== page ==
2. A tracer as recited in claim 1, wherein the radiolabeled, methyl or ethyl pyranoside comprises methyl 4-deoxy-4-[18F]fluoro-alpha-D-glucopyranoside.

3. A tracer as recited in claim 1, wherein the radiolabeled, methyl or ethyl pyranoside comprises methyl 4-deoxy-4-[18F]fluoro-beta-D-glucopyranoside.

4. A tracer as recited in claim 1, wherein the radiolabeled, methyl or ethyl pyranoside comprises a racemic mixture of methyl 4-deoxy-4-[18F]fluoro-alpha-D-glucopyranoside and methyl 4-deoxy-4-[18F]fluoro-beta-D-glucopyranoside.

5. A method of detecting a sodium/glucose cotransporter (SGLT) in vitro, comprising: obtaining a cellular sample; administering to the cellular sample a radiolabeled tracer; after a first predetermined time interval, isolating a first aliquot of the cellular sample; assaying the first aliquot for radioactivity; and after each of one or more additional predetermined time intervals, isolating a further aliquot of the cellular sample and assaying it for radioactivity; wherein the radiolabeled tracer comprises at least one compound selected from the group consisting of (a) any of the tracers recited in claim 1, (b) [14C]- or [3H]-labeled methyl 4-FDG, (c) 4-[18F]fluoro-4-deoxy-D-glucose, and (d) 6-[18F]fluoro-6-deoxy-D-glucose.

6. A method as recited in claim 5, wherein the cellular sample is selected from the group consisting of a single mammalian cell, a plurality of mammalian cells, a mammalian tissue sample, and mixtures thereof.

7. A method as recited in claim 5, wherein the tracer comprises methyl 4-deoxy-4-[18F]fluoro-D-glucopyranoside

8. A method as recited in claim 5, further comprising administering to the cellular sample at least one agent.

9. A method as recited in claim 8, wherein the at least one agent is selected from the group consisting of sodium ion, phlorizin, glucose, and galactose.

10. A method as recited in claim 5, further comprising washing the first and each subsequent aliquot of the cellular sample with a buffer solution.

11. A method of assessing sodium/glucose cotransporter (SGLT) distribution or activity in a mammal, in vivo, comprising: administering to the mammal a bolus of a radiolabeled tracer; generating radiographic data indicative of tracer uptake in the mammal by scanning the mammal using a radiographic technique; and using the radiographic data to assess SGLT distribution or activity in the mammal; wherein the radiolabeled tracer comprises at least one compound selected from the group consisting of (a) any of the tracers recited in claim 1, (b) [14C]- or [3H]-labeled methyl 4-FDG, (c) 4-[18F]fluoro-4-deoxy-D-glucose, and (d) 6-[18F]fluoro-6-deoxy-D-glucose.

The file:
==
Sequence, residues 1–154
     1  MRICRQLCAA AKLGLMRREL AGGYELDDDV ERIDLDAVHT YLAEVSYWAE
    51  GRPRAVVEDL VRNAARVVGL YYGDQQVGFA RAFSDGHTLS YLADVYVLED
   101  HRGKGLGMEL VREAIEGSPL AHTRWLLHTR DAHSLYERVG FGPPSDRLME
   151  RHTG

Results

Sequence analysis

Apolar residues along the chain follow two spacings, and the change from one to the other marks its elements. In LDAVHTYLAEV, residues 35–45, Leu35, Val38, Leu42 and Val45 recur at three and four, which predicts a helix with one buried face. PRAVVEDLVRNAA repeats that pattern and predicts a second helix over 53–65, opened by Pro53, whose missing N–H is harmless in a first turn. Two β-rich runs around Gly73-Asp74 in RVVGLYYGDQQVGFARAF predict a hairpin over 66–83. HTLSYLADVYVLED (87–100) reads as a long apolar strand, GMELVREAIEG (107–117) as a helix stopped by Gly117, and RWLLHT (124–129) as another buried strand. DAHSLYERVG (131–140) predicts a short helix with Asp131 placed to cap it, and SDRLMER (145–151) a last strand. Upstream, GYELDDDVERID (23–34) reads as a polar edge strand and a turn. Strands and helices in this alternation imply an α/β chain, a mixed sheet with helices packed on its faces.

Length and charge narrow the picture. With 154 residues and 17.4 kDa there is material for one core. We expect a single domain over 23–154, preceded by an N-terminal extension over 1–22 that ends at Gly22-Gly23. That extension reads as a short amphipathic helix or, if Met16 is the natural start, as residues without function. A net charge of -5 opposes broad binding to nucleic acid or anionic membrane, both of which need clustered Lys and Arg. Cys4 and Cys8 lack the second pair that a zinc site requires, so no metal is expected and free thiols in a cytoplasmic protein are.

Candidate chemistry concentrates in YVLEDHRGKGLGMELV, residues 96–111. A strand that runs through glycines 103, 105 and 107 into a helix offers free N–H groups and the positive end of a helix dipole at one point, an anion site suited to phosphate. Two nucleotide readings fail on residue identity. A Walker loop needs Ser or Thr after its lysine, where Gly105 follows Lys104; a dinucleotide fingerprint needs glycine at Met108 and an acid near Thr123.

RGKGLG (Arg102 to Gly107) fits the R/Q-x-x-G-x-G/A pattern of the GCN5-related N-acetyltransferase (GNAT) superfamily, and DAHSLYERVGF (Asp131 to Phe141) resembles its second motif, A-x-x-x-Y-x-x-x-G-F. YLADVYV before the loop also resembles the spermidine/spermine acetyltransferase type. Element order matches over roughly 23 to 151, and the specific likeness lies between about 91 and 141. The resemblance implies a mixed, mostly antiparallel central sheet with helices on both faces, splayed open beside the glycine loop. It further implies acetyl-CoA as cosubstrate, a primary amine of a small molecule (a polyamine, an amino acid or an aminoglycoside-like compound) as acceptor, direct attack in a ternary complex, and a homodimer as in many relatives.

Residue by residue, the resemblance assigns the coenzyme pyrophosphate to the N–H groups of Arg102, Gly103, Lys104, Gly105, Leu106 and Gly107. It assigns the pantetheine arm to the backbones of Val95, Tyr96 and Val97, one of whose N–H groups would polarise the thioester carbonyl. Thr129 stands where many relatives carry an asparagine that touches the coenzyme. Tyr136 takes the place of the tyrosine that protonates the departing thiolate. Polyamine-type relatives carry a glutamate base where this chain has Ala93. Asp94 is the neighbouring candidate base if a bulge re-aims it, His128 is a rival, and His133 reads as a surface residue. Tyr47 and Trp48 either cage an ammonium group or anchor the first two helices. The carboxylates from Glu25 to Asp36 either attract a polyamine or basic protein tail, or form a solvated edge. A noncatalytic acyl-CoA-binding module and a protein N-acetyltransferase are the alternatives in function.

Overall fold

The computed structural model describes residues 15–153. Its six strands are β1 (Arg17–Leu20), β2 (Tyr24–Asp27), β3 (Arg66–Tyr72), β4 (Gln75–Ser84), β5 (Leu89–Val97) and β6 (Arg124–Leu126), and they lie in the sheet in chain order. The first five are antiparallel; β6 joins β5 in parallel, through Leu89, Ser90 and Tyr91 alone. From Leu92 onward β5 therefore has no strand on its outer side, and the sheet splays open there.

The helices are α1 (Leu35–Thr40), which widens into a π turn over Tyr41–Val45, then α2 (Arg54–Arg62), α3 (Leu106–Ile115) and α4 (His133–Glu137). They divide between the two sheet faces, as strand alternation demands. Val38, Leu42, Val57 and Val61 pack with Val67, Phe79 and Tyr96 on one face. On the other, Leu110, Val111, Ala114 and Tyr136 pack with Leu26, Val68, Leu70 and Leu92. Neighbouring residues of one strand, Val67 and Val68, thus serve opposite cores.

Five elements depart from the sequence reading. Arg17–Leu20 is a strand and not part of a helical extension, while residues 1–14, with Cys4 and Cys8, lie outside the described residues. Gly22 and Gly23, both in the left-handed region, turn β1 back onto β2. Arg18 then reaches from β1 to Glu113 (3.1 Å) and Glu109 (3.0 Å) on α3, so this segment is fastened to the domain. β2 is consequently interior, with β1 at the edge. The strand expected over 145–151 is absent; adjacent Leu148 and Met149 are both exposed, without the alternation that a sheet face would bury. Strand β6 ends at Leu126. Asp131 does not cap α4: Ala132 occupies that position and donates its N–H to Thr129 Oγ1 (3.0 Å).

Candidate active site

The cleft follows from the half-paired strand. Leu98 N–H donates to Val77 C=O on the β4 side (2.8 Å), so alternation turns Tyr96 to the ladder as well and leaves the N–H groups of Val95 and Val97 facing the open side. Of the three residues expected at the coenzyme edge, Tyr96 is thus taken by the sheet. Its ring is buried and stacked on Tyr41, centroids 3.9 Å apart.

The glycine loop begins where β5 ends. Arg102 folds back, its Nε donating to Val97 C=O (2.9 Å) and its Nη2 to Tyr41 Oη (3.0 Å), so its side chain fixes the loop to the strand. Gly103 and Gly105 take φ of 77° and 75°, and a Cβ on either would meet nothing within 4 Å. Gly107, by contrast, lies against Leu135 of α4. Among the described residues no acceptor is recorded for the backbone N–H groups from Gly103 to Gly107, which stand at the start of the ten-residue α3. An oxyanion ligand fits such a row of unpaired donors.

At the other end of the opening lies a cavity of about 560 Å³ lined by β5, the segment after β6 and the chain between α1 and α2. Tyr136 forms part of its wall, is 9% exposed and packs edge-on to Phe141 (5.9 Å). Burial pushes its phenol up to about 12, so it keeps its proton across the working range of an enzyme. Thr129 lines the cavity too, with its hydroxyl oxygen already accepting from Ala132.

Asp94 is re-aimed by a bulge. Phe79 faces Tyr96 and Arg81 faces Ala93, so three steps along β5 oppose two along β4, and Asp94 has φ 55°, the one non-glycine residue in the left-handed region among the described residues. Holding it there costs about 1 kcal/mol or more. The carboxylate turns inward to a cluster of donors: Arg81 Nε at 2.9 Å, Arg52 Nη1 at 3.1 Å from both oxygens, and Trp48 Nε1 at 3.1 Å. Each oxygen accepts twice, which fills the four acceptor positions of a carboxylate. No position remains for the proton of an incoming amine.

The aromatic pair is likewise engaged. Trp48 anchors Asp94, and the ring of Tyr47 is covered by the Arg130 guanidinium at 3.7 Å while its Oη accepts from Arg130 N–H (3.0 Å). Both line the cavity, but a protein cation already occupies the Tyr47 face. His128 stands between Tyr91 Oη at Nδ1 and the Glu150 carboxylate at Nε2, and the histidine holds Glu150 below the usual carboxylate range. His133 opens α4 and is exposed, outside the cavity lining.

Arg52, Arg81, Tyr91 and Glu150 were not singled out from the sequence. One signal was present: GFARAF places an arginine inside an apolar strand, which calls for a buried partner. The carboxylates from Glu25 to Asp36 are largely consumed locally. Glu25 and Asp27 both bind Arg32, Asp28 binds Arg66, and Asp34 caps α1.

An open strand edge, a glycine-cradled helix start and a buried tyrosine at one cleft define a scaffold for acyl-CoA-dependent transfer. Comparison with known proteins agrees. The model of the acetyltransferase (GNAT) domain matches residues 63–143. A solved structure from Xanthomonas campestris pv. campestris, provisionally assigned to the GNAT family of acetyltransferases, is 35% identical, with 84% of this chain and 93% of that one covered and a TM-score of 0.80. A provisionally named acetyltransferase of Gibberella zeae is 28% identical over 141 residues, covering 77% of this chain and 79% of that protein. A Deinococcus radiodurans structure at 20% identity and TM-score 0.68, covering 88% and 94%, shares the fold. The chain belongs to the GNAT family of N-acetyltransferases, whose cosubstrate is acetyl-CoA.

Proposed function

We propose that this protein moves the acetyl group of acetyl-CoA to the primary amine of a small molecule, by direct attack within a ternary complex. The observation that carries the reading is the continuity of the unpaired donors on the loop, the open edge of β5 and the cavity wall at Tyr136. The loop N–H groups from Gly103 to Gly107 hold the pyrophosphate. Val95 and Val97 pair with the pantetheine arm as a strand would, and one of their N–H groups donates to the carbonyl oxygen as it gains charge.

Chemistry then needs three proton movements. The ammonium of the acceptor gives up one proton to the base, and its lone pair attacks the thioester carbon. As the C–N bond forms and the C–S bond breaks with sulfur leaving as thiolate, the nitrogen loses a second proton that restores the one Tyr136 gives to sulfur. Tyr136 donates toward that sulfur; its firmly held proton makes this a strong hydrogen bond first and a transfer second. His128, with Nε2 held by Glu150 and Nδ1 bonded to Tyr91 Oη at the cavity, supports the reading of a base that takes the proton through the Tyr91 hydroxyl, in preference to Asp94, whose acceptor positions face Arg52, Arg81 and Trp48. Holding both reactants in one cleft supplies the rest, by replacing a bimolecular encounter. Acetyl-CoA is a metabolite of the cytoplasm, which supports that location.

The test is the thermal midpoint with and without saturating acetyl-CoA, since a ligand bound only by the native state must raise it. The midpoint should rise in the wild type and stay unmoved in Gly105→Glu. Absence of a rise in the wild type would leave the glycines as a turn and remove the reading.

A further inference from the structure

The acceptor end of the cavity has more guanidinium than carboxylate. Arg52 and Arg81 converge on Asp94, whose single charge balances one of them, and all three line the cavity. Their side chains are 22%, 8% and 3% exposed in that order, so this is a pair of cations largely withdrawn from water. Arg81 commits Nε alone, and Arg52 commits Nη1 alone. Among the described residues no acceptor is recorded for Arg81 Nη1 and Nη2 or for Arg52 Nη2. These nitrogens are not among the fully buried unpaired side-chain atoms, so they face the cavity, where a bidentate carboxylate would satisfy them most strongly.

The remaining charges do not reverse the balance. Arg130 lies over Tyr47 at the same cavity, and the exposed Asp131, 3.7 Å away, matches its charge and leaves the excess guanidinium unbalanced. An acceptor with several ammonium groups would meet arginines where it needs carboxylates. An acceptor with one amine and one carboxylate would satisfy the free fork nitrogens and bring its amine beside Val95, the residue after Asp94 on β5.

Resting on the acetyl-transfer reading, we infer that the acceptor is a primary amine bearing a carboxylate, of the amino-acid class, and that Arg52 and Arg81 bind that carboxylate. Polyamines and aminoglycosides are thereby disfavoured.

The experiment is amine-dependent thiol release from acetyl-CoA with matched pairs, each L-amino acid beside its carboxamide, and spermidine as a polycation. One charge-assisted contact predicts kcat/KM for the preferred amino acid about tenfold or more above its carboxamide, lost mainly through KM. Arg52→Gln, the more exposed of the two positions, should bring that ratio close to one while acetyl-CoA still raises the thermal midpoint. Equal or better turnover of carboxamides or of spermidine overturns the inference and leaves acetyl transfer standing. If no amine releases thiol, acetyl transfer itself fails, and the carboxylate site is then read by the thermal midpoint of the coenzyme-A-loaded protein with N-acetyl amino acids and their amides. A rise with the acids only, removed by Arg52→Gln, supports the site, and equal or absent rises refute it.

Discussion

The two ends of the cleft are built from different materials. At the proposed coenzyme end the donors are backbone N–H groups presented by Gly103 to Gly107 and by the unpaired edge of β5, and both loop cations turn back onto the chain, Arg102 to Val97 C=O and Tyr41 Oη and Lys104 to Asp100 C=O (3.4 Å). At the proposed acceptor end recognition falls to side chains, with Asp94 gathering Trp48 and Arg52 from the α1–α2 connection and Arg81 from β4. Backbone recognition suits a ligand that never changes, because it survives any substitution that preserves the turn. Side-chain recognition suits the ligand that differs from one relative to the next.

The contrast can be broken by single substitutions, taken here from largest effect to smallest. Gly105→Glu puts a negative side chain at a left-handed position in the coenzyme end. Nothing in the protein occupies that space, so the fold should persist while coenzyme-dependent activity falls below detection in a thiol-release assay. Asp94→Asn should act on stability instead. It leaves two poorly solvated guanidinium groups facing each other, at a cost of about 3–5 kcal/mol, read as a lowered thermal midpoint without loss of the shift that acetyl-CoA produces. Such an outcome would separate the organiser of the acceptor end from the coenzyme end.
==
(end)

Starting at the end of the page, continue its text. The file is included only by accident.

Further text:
12. A method as recited in claim 11, wherein the mammal is selected from the group consisting of humans, non-human primates, rodents, wild-type rodents, transgenic rodents and knockout rodents.

13. A method as recited in claim 11, wherein the radiographic technique comprises autoradiography, scintillation counting, positron emission tomography (PET), micro-PET, or single-photon emission computed tomography (SPECT).

14. A method as recited in claim 11, further comprising administering to the mammal at least one agent.

15. A method as recited in claim 14, wherein the at least one agent is selected from the group consisting of sodium ion, phlorizin, glucose, and galactose.

16. A method as recited in claim 14, wherein the at least one agent is administered orally or by injection.

17. A method as recited in claim 11, further comprising locating uptake of the tracer in the mammal using computed tomography.

18. A method of monitoring sodium/glucose cotransporter activity in a mammal, in vivo, comprising: administering to a mammal a bolus of a radiolabeled tracer known to be a substrate for a first specified sodium/glucose cotransporter, but not a substrate for a second specified sodium/glucose cotransporter; generating radiographic data indicative of tracer uptake in the mammal by scanning the mammal using a radiographic technique; and using the radiographic data to assess distribution or activity of the first specified sodium/glucose cotransporter in the mammal; wherein the radiolabeled tracer comprises at least one compound selected from the group consisting of (a) any of the tracers recited in claim 1, (b) [14C]- or [3H]-labeled methyl 4-FDG, (c) 4-[18F]fluoro-4-deoxy-D-glucose, and (d) 6-[18F]fluoro-6-deoxy-D-glucose.